Starting from framing the principle of non-discrimination and religious freedom in the EU context, this work investigates the issue of wearing religious clothing at the workplace in light of the application and interpretation of the 2000 Employment Equality Directive establishing a general framework for equal treatment in employment in EU Member States. In particular, the article shows that the choice of employees to wear religious symbols or clothing has given rise to issues of balance among opposing rights (freedom of thought, conscience and religion v. freedom to conduct a business). The work highlights the danger of indirect discrimination when an apparently neutral provision, criterion, or practice disadvantages persons of a particular religion compared to others (Article 2.b), and the different treatments exceptionally admitted as “genuine occupational requirements” (Article 4). Indeed, religious freedom, and in this specific case, the freedom of employees to wear religious clothing, might conflict with the employer’s economic interests and/or activity. Furthermore, a “neutrality policy” in the workplace related to the freedom to conduct a business, as provided in Article 16 EUCFR, can lead to disproportionate discrimination on the basis of religion, hence risking the prevalence of the employer’s economic interests. In this perspective, the work emphasizes that in recent years, wearing religious clothing has become a crucial issue in regard to equal treatment in private employment and the protection of fundamental rights that end up being assessed by national courts on a case-by-case basis.

Wearing Religious Clothing at the Workplace in EU Law and the Risks of a "Neutrality Policy" in Private Employment

Teresa Russo
2021

Abstract

Starting from framing the principle of non-discrimination and religious freedom in the EU context, this work investigates the issue of wearing religious clothing at the workplace in light of the application and interpretation of the 2000 Employment Equality Directive establishing a general framework for equal treatment in employment in EU Member States. In particular, the article shows that the choice of employees to wear religious symbols or clothing has given rise to issues of balance among opposing rights (freedom of thought, conscience and religion v. freedom to conduct a business). The work highlights the danger of indirect discrimination when an apparently neutral provision, criterion, or practice disadvantages persons of a particular religion compared to others (Article 2.b), and the different treatments exceptionally admitted as “genuine occupational requirements” (Article 4). Indeed, religious freedom, and in this specific case, the freedom of employees to wear religious clothing, might conflict with the employer’s economic interests and/or activity. Furthermore, a “neutrality policy” in the workplace related to the freedom to conduct a business, as provided in Article 16 EUCFR, can lead to disproportionate discrimination on the basis of religion, hence risking the prevalence of the employer’s economic interests. In this perspective, the work emphasizes that in recent years, wearing religious clothing has become a crucial issue in regard to equal treatment in private employment and the protection of fundamental rights that end up being assessed by national courts on a case-by-case basis.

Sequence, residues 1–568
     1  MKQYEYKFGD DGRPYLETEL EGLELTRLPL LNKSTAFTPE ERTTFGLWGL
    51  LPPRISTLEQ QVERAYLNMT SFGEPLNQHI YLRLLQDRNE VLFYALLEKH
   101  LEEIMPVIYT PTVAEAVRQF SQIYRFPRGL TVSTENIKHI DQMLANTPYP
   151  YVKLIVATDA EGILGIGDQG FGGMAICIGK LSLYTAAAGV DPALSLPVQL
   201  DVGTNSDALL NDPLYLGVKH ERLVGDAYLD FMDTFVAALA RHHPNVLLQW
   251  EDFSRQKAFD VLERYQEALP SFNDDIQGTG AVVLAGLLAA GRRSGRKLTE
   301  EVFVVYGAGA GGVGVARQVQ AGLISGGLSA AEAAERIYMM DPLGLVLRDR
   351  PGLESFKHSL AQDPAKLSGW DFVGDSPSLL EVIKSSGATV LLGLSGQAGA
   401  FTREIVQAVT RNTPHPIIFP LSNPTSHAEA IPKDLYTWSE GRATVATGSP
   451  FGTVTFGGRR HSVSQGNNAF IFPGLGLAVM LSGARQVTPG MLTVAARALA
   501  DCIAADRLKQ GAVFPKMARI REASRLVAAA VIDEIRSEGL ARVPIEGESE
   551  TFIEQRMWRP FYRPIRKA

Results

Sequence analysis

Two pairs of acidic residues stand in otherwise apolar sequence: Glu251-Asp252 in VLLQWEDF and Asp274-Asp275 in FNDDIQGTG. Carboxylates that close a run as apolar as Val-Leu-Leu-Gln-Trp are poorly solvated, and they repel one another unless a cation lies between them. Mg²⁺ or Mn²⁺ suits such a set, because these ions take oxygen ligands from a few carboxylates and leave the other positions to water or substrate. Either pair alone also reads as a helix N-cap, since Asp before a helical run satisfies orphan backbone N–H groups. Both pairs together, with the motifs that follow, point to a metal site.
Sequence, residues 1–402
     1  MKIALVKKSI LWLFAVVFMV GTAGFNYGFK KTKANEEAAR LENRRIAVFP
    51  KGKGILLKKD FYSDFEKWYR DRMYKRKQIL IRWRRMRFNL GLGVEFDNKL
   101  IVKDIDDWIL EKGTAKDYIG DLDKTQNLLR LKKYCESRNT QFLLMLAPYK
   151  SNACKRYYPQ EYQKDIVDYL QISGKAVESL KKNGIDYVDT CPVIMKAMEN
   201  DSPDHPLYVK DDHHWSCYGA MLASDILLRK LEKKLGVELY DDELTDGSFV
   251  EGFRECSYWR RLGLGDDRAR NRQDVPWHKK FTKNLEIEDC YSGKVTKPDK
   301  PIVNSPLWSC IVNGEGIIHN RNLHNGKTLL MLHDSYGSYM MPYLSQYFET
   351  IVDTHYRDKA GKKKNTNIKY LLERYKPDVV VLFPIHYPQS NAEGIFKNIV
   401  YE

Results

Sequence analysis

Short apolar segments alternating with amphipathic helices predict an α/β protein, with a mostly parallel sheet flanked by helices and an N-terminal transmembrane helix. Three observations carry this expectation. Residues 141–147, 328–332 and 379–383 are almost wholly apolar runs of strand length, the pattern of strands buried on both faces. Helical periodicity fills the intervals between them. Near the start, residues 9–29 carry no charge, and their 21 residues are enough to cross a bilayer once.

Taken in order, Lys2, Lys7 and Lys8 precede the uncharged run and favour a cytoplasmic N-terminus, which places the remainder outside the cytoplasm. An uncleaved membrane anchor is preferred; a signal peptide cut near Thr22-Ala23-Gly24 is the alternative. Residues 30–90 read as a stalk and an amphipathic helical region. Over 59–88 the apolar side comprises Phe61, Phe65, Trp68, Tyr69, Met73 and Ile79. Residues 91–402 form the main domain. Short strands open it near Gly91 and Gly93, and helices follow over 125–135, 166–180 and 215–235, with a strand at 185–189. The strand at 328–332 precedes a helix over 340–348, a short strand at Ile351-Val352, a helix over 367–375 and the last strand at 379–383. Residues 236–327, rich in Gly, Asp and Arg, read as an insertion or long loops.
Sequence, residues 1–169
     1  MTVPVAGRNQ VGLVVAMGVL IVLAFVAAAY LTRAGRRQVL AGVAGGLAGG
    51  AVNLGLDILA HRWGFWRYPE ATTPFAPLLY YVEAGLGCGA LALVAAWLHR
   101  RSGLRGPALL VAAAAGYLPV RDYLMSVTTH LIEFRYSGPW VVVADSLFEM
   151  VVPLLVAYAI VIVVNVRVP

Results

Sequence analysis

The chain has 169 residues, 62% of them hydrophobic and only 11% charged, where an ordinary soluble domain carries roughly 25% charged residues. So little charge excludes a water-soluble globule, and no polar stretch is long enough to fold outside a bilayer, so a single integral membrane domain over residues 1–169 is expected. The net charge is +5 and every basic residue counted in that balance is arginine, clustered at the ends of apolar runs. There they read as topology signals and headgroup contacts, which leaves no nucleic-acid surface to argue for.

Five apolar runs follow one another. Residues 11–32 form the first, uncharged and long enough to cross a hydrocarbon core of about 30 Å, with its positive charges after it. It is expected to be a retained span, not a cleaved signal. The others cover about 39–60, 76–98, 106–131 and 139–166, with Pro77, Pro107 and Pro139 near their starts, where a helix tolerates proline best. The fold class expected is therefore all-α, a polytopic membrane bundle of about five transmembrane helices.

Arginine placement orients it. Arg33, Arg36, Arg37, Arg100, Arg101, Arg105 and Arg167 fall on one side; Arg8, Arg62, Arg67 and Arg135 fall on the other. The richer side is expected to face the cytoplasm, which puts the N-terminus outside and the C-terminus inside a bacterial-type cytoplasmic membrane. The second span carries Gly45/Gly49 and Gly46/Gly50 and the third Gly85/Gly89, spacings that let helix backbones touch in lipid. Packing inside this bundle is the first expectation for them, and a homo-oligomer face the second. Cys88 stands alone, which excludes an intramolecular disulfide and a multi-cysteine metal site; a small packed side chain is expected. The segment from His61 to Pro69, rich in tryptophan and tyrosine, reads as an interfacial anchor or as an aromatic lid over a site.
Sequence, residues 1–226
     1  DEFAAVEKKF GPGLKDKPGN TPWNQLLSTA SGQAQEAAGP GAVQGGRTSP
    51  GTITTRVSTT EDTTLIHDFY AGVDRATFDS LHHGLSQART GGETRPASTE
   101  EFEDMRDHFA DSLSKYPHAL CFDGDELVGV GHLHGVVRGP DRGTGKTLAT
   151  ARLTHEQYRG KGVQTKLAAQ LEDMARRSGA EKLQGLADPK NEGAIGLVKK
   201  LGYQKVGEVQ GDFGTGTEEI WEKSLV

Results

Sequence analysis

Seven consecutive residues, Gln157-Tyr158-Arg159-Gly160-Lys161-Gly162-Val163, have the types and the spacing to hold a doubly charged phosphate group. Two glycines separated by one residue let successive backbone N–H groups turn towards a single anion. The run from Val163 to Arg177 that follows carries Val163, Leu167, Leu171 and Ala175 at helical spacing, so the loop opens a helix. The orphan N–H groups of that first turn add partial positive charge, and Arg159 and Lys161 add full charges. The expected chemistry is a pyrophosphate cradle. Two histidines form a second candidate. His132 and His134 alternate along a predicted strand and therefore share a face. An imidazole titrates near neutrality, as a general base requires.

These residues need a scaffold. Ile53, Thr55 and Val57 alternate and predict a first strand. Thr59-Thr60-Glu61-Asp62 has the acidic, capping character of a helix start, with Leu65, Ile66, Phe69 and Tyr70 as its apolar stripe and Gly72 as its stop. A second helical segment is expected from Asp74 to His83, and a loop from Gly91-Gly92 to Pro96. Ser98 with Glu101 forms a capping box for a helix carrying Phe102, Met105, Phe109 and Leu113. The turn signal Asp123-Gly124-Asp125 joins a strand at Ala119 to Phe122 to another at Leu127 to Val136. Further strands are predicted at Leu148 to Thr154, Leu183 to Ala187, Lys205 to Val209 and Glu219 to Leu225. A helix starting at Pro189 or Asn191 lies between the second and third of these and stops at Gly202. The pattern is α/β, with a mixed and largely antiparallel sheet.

File in questo prodotto:
Non ci sono file associati a questo prodotto.

I documenti in IRIS sono protetti da copyright e tutti i diritti sono riservati, salvo diversa indicazione.

Utilizza questo identificativo per citare o creare un link a questo documento: http://hdl.handle.net/11386/4769330
 Attenzione

Attenzione! I dati visualizzati non sono stati sottoposti a validazione da parte dell'ateneo

Citazioni
  • ???jsp.display-item.citation.pmc??? ND
  • Scopus ND
  • ???jsp.display-item.citation.isi??? ND
social impact